This is notable because the great majority — 87 percent — of prisoners in the US are housed at the state level, not the federal level. So to greatly reduce incarceration, the country will need to focus on the state level. And to do a lot at the state level, the US will need to reduce the incarceration of violent offenders.

This obviously gets a lot trickier, politically, than addressing low-level drug offenses. A pollconducted by Morning Consult for Vox last year, for example, found that nearly eight in 10 US voters support reducing prison sentences for people who committed a nonviolent crime and have a low risk of reoffending. But fewer than three in 10 backed shorter prison sentences for people who committed a violent crime and have a low risk of reoffending.

“It’s one of the spaces where the policy and public safety arguments are going to have the least impact,” Pfaff acknowledged, “because many will view it as the right thing to do to lock them up forever.”

But there are ways to cut prison sentences for violent offenders without leading to more crime.

For one, incarceration is simply not a good way to combat crime. A 2015 review of the research by the Brennan Center for Justice estimated that more incarceration — and its abilities to incapacitate or deter criminals — explained about 0 to 7 percent of the crime drop since the 1990s. Other researchers estimate it drove 10 to 25 percent of the crime drop since the ’90s. And a 2014 analysis by the Pew Charitable Trusts found that states that reduced their imprisonment rates also saw some of the biggest drops in crime, suggesting that there isn’t a hard link between incarceration and crime.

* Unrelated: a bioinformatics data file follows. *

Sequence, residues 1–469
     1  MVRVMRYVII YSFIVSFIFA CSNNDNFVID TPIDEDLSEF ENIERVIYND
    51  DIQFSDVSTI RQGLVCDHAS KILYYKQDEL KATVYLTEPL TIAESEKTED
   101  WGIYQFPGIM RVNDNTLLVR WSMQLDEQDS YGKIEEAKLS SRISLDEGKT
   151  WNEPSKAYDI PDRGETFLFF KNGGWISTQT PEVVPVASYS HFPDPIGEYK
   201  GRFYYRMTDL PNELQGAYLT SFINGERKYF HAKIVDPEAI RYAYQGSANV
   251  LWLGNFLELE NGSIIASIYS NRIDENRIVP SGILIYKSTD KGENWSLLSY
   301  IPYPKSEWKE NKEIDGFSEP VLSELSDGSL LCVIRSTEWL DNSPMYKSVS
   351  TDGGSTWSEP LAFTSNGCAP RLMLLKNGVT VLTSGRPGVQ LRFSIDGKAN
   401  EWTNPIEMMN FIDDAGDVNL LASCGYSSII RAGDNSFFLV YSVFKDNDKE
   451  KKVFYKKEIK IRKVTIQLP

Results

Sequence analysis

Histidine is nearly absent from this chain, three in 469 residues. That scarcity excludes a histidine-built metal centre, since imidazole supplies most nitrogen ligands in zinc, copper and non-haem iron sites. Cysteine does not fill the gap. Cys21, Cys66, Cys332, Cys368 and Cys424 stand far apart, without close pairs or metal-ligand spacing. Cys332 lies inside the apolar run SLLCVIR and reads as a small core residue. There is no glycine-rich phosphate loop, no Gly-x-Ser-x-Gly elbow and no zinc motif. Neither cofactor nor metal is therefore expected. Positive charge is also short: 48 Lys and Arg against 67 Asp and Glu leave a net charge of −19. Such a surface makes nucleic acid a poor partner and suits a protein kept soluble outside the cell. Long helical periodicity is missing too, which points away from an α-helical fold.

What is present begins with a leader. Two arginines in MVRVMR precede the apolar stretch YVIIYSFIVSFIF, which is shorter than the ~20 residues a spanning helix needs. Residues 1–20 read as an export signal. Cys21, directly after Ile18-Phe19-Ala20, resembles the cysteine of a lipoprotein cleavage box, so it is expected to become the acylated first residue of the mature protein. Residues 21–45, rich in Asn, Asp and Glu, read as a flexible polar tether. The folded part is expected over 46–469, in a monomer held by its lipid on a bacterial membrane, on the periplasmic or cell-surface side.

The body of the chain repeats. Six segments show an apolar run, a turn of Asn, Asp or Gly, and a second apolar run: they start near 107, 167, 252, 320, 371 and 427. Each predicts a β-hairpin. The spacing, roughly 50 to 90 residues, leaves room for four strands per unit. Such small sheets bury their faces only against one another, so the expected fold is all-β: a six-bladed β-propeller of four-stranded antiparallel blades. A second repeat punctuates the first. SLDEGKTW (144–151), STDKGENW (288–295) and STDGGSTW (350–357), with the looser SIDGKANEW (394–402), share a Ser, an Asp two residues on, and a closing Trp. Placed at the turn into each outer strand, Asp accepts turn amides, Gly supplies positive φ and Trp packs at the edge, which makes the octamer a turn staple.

More here.

Became, Become, Becoming

Download (1)

David Adger on Arrival in Inference:

IN THE ORIGINAL short story, ideas from physics and mathematics are crucial to the plot. Among them is Fermat’s principle of least time. This states that light traveling between two points traverses the shortest possible path. The refraction of light can be understood in terms of this principle. Upon coming into contact with water, a beam of light changes direction because the index of refraction of water is different from that of air. Because light travels more slowly through water than air, the amount of time light spends travelling through water is minimized. The overall length of the path is also minimized. Understanding the behavior of a beam of light at the interface between air and water seems to require knowledge of both its starting and end points—a notion that is counterintuitive.

Fermat’s principle describes behavior in the physical world in terms of how the system works globally. The difference between the immediate agent of change and some final result that the system aims to achieve has been the subject of study for centuries, going back as far as the time of Aristotle and the distinction he made between effective (efficient) cause and final cause. In 1744, Leonhard Euler wrote that “there is absolutely no doubt that every effect in the universe can be explained as satisfactorily from final causes … as it can from the effective causes.”